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1 of 1 people found the following review helpful
4.0 out of 5 stars Courtesy of A Trillian Books, 16 May 2011
By 
Tasha (UK) - See all my reviews
(VINE VOICE)   
This review is from: Rage (Horsemen of the Apocalypse) (Paperback)
Melissa Miller is a cutter, a self-harmer. She deals by bleeding out the bad. It makes her feel in control. After an incident involving her ex-boyfriend and public humiliation, Missy accidentally cuts too deep and finds herself face to face with Death - quite literally. Death offers her an option - to become one of the Horsemen of the Apocolypse: War.

Like in the first book of the series, Hunger, in which the protagonist is an anorexic who becomes Famine, Rage deals with an extremely sensitive issue in a fantastic way. The self-harming is in no way glamourised nor does it hold back on the details. It's not preachy either. It just tells it like it is. With no personal experience of self-harming (either first or second hand) I found this book to be an incredible insight and by the end of it felt like I had some understanding as to the feelings and emotions behind cutting.

At times this book can be very serious and dark but this is offset with humour, usually in the form of Missy's conversations with Death, who the author has portrayed as the laid back rockstar with a dry sense of humour. I really liked this characterisation and it certainly gave a few light moments in the book.

I'm looking forward to reading the next instalment of the Horsemen of the Apocolypse series, Loss, which is stars Pestilence. I'm interested to find out what issue this rider is dealing with and how the author handles it.
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1 of 1 people found the following review helpful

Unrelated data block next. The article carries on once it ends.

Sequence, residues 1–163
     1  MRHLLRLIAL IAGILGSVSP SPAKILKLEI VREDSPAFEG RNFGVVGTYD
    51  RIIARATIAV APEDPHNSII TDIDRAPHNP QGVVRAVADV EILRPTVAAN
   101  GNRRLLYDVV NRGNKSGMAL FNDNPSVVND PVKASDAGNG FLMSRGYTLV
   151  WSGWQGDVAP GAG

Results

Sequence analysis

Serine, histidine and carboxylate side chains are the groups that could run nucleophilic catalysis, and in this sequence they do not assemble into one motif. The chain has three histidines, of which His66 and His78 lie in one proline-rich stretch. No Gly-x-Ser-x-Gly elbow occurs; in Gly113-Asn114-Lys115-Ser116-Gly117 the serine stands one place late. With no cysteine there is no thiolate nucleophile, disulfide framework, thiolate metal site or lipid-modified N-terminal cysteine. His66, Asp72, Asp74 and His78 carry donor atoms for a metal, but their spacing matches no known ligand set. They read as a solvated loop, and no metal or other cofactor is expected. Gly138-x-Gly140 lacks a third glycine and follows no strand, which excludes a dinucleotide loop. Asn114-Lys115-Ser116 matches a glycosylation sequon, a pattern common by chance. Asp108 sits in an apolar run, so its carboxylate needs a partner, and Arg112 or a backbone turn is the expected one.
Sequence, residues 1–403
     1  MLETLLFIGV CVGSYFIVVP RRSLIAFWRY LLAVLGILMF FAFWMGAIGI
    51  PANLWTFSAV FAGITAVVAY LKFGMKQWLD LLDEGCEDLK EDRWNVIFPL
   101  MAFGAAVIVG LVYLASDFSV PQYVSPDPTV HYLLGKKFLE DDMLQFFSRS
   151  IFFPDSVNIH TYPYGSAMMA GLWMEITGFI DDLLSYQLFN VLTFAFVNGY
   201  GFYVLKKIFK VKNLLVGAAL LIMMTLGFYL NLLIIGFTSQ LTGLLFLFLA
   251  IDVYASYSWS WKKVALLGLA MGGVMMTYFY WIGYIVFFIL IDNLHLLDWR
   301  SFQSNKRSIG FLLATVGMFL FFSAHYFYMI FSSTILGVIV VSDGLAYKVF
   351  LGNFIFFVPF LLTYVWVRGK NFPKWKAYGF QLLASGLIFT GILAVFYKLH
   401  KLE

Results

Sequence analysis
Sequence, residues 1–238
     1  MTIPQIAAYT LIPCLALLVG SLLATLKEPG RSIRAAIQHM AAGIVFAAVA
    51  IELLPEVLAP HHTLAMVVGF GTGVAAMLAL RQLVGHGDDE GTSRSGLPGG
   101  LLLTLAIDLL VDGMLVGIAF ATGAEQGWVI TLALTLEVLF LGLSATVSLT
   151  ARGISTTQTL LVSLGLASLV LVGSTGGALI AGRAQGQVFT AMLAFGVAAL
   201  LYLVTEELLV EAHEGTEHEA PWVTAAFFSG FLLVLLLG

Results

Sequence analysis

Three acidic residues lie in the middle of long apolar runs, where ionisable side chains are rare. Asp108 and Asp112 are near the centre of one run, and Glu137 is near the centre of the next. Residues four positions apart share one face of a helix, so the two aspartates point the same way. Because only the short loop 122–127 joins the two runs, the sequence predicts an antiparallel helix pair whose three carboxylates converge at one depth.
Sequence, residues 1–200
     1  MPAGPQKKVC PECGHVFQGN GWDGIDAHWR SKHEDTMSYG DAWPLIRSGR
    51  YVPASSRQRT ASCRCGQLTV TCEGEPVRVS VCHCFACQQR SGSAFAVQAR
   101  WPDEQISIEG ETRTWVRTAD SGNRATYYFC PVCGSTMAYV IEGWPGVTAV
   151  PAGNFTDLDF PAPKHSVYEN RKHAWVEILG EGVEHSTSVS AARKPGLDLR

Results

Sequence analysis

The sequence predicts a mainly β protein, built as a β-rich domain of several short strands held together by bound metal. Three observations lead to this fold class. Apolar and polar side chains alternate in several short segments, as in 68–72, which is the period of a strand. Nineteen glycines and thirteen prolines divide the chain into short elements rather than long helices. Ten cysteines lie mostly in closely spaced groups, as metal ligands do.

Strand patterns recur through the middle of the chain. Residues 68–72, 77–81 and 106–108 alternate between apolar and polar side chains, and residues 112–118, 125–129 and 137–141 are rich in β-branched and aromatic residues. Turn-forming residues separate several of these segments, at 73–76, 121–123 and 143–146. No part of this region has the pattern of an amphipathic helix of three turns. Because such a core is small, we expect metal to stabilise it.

5.0 out of 5 stars Raw and Powerful, 9 May 2011
This review is from: Rage (Horsemen of the Apocalypse) (Paperback)
After I read Hunger by this author, I ordered Rage within minutes and read it as soon as I took it out of the packaging. If I thought Hunger delivered a punch, it was nothing compared to the punch I received off Rage. The story is intense, powerful and raw, whilst still keeping the black humour from the previous book.

Missy is a self-harmer and like Lisa, from the previous book, has Death appear on her doorstep at a time when her death is close to hand by offering her to be War, the Red Rider of the Four Horsemen. From the first meeting, you know the relationship between Missy and Death will be different than the one Lisa had with him.

When we follow Missy in her miserable existence, you feel everything she's feeling. The descriptions were strong enough to make the reader live Missy's life as she went through the humiliation brought on her in front of all her school peers. You feel like your living in the house where she argues with her sister and hides everything from her parents. Powerful.

Then you have Death, looking like a familiar rock star that isn't with us anymore, keeping a serious matter light with his humour. Just when you think you can't handle Missy's misery and want to put the book down for relief, there is Death to help guide her a little more, so you keep reading. War is Death's handmaiden, so he has a vested interest in seeing Missy through her trials.

I'm not doing this book justice. I really do urge you all to read it. The writing is strong and amazing. The characters are rounded and flawed, just like real people. The plot is spot on. It opens your eyes to a serious subject and makes you think about how hard your own life really is. Go. Read it.
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1 of 1 people found the following review helpful
5.0 out of 5 stars Courtesy of Teens Read Too, 11 April 2011
By 
TeensReadToo "Eat. Drink. Read. Be Merrier." (All Over the US & Canada) - See all my reviews
(TOP 500 REVIEWER)   
This review is from: Rage (Horsemen of the Apocalypse) (Paperback)
When I heard a young librarian "book talk" Kessler's HUNGER, I took a chance and ordered both HUNGER and her second novel for teens, called RAGE. I'm happy that I did.

HUNGER grabbed my attention with its unique combination of anorexia and the Four Horsemen of the Apocalypse. It was a powerful book that didn't talk down to teens about a serious issue.

RAGE has the same Horsemen of the Apocalypse connection, but its focus is on the subject of cutting. This is another topic that mainly involves teens and young adults. The real truth behind the frightening behavior will no doubt remain a secret to adults, which makes it even more important to let teens know others share their pain.

Missy is dealing with multiple issues - a fairly new breakup with her boyfriend, Adam; taunts from classmates about her choice of wardrobe; a younger sister who recently became an annoying freshman; and parents who say they understand but still pile on the pressure. Relief from all the stress is hidden away in a lockbox in Missy's closet, and the evidence of that relief can be found in the form of scars on her arms, stomach, and inner thighs. Missy cuts herself with a razor blade.